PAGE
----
In the last week of 2015, I wrote about my gaming resolutions for 2016. I had distilled my digital ambitions down to three basic goals:
Simple in theory, but did I manage to put those aspects of gaming into play in practical ways?
Not as much as I would have liked.
To be honest, I hadn’t even thought much about my resolutions until recently when someone asked me to revisit them (hi, Richard!), and I’m glad he did. I think a refresher can only help me reprioritize.
Let’s see how I’ve fared in the past eight months.
I had a lofty overall goal this year: to play and complete 50 games. That got derailed for an odd reason (though, to be fair, I suppose I could still pull that one out before the year’s end), but I’ve actually done relatively well anyway. As of the date of this writing, I’ve completed 26 games (which includes a couple of games with no real end like Pokemon Go). You could say I have played a decent amount.
My goal was to play for the sake of play. I haven’t been living up to that.
I am often thinking about trying to catch up and get current (like my monthly game challenge for September), and that can turn playing games into an odd sort of chore. It also presents me with a gross choice if I end up playing a game I find I’m not enjoying: how long should I give said game? If it’s a full blown AAA title, I’m more likely to give it several hours before I set it aside. If it’s a shorter indie title, I am likely to give it an hour or so before I make my decision. But even this plan has major flaws; I feel invested in the titles I start, and have most certainly “suffered” through games I didn’t like, simply because I felt compelled to play them start to finish (I’m looking at you Killzone: Shadow Fall). That’s a weakness I have. I have tried to become better at recognizing when a game just isn’t for me, but I still find myself feeling like I will be missing out if I put it aside.
I’m in this exact situation right now with both Deus Ex: Mankind Divided as well as No Man’s Sky.
I need to get better at recognizing when a title isn’t resonating with me and moving along to the next game. I just find the line between that and giving up too soon to be a tenuous one.
But back to play.
I need to refocus on this for sure. Play is such a purely wonderful thing. I need to stop caring about finishing each game I play so I can tick it off a list and feel current.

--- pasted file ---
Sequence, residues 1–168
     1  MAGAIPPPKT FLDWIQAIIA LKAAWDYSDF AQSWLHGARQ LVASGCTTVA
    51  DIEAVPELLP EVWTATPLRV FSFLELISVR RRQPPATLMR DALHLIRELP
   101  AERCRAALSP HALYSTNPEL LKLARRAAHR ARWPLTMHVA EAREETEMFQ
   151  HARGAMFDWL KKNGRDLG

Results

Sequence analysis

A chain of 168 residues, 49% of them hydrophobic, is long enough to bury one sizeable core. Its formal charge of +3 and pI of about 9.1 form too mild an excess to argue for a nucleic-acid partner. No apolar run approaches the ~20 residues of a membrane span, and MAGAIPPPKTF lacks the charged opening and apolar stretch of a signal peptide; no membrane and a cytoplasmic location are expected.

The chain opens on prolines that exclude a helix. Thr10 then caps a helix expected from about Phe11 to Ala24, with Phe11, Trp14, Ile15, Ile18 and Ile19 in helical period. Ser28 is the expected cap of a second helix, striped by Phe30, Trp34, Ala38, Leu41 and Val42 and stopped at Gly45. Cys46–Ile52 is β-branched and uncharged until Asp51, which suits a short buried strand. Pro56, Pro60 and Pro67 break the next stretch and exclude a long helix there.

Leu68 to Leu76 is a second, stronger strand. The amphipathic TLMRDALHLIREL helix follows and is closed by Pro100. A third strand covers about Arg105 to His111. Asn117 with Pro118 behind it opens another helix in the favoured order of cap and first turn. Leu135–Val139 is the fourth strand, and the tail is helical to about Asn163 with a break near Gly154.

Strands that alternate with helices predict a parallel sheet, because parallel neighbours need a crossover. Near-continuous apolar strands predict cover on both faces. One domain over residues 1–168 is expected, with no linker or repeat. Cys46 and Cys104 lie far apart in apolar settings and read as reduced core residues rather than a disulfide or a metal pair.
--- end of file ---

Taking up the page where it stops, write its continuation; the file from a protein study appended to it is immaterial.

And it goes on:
This goes hand in hand with play. I still psych myself out all too often and don’t even start in on the many games that interest me.
Experiences matter most to me in life; I want to experience as much as I can. For anyone who knows me in reality, that’s probably a difficult thing to picture, especially given the self-imposed seclusion I’ve been in for, well, years now. Video games offer us a safe place to experience any number of scenarios. Why not take advantage of that?
I haven’t been nearly to the degree I’d like.
I feel like I should try just jumping in to new games as often as possible to get over my issue with starting nothing at all.
It all makes sense in theory.
So while I’ve had many video game experiences this year, it’s not been nearly what it could have been. And I have only myself to blame for that.
Though, through Pokemon Go, I’ve had several encounters with people in the real world that made me smile, and those are experiences I never anticipated.
This I am good with.
I often use the website HowLongToBeat for reference when planning what games I’m going to take on and when. They break down the average times a game can take to complete depending on your playstyle (e.g.: main story, completionist), and I’ve come to realize I am at the high end for how long I take to complete any given game. I may not fall under the heading of “completionist,” but I do like to take my time and explore a game I’m playing.
This is particularly true for open world games that I’m having an excellent time in.
When I finally completed The Witcher 3: Wild Hunt earlier this year, my total hours invested (minus the DLC, which I have yet to play) were over 160.
That’s so many hours. I just loved the game.
I have no regrets, as it was easily one of the best RPGs (and games) I’ve ever played. But, according to HowLongToBeat, the expected hours for a completionist run were 164.5.
Now I was thorough and I did everything I could, but I don’t think I was a completionist in the true sense of the word. I have realized through various games that I will always fall under the higher time estimate.
And that’s okay.
I love exploring these worlds. I marvel at the fact that they were created by people and that these amazing games didn’t just pop into existence. It’s remarkable, and I love that I can partake.
So I am definitely good on exploring. I am an explorator.
Or, if you want proper grammar, an explorer.
But I like explorator.
Anyway, whatever you call it, I’ve got it covered. Exploring digital worlds is a joy.
So, one out of three isn’t terrible, but it also isn’t great. Having this reminder of my gaming resolutions is a great way for me to refocus and give myself a mental tidy in hopes that I put the first two goals a little more into practice.
Did you make gaming goals for the year? If so, how are you faring?